If you're moving out of the house you lived in as a student, make sure you get your deposit back. It can either go towards your new place or make a healthy little starting block for your emergency fund.
  • Build your credit score
Credit ratings can be confusing. However, building a credit score essentially shows future lenders (such as mortgage providers) that you are good at paying off your debt. There are lots of ways you can go about building credit. However, it's always a good idea to get advice from your bank - particularly if you're considering a credit card, which can lead to debt if you don't handle it correctly.
  • Choose your bank wisely
With so many options available, it can be tempting to stick with your current bank provider or go for the one that pops up most on your social media ads.

However, choosing a bank account that suits your lifestyle and situation can help you manage your finances more effectively. Research what different banks can offer and how their accounts differ. It can be beneficial to look at their interest rates, overdraft fees, and any perks or deals they offer.
  • Low-interest personal loans
Following some of this advice will hopefully help you get off on the right financial footing after graduation.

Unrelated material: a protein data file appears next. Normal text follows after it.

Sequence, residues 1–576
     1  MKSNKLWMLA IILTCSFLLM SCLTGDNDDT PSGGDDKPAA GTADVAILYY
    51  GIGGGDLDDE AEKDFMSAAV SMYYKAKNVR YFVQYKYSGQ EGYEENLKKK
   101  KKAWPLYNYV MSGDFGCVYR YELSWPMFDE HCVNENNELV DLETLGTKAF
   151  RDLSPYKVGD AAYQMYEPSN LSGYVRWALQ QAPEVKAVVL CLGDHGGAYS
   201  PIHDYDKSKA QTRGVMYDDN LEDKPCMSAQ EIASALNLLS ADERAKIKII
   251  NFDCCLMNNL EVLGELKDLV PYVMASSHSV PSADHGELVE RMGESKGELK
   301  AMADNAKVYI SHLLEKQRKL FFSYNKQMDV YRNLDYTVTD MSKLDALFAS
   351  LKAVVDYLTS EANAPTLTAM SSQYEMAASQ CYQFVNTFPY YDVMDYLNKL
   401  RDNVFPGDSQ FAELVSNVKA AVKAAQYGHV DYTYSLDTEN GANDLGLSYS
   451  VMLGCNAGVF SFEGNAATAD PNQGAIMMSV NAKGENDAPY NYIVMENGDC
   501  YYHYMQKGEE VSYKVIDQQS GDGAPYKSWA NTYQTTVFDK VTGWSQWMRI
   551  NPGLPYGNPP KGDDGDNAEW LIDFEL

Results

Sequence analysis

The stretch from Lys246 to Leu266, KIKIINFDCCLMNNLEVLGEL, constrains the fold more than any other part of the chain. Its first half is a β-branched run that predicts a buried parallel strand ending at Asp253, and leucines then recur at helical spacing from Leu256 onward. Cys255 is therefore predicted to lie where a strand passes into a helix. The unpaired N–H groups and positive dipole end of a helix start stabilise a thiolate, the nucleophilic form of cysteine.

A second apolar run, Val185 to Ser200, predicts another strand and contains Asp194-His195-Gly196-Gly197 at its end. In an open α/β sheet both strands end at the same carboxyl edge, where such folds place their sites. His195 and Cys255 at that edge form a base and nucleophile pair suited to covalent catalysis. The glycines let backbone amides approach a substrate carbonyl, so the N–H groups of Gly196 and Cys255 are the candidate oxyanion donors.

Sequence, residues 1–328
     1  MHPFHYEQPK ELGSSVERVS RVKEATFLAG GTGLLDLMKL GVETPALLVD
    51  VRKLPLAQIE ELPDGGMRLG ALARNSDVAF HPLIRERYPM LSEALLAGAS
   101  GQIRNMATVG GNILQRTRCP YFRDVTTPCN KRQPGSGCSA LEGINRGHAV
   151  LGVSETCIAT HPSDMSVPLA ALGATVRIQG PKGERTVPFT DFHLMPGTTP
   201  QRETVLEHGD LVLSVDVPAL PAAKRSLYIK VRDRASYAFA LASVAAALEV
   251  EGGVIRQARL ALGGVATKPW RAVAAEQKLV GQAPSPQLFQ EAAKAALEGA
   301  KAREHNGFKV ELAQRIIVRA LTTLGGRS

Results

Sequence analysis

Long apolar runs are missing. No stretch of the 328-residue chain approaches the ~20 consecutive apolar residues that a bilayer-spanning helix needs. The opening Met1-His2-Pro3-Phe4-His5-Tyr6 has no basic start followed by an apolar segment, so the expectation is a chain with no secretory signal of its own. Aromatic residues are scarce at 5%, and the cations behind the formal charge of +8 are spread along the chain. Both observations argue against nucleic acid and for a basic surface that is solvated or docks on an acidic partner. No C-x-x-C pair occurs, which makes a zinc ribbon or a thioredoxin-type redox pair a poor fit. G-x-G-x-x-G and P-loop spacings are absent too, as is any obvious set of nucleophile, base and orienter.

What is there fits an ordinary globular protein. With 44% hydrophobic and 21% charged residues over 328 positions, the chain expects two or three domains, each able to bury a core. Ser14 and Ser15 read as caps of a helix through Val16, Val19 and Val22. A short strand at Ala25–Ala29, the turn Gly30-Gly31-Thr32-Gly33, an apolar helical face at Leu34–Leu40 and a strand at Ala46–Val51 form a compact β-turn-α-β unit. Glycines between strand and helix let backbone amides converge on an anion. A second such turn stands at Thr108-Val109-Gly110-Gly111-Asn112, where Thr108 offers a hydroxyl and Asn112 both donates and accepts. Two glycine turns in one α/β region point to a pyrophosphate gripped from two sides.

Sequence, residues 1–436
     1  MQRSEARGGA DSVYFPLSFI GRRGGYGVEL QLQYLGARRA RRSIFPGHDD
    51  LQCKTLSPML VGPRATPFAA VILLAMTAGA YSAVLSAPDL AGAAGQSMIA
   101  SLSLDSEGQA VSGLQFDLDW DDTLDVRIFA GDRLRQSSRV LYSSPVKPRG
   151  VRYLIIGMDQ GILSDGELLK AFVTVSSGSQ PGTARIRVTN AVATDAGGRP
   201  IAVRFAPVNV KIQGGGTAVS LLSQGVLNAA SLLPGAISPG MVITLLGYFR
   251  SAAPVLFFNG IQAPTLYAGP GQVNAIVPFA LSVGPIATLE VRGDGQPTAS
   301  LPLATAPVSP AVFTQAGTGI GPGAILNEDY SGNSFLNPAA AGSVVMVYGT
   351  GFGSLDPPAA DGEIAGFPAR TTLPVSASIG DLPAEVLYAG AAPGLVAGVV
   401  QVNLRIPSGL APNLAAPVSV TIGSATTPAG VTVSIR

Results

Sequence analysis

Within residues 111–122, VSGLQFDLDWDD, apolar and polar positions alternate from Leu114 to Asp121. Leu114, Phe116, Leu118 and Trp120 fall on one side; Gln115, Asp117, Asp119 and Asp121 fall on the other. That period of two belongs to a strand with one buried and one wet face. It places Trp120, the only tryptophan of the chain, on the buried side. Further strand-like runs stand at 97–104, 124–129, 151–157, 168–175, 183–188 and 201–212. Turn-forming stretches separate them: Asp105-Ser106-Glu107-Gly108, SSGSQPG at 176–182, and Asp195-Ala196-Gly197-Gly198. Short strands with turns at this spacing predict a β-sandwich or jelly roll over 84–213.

However, if you're in a position where you need to borrow money in a lump sum, you might want to consider low-interest personal loans. Do you need to get a rental deposit together? Maybe you won't receive payment from your graduate scheme until the first month in and are worried about covering bills until then. These are not uncommon situations, and fortunately, there is help available.

Borrowing money can seem daunting — what about those horror stories of people who get in debt from pay-day loans that have an interest rate in the thousands? Well, sadly, some companies do charge excessive rates. But that's where having an awareness of what kind of low-interest loans are out there can help.

If you need a loan, take the time to compare different options and see which best suits your circumstances. What are their repayment schedules like?
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Flexible loans for graduates
With graduates in mind, Fintern offers affordable, low-interest loans based on future earnings rather than past transactions.

Providing you have proof of employment or an upcoming graduate scheme, you can borrow money to give you a headstart on your career. So, whether you need to pay a rental deposit before you begin your new job, want to spread the cost of commuting, or could do with new work clothes for that dream job, Fintern helps give you control over your finances. You can manage how you repay the loan and can even take payment holidays if needed.

Whatever plans you have beyond university, we hope these personal finance tips will help you and other graduates feel more confident about stepping into the working world. And if you'd like to explore Fintern options, why not download the app and apply for a loan today?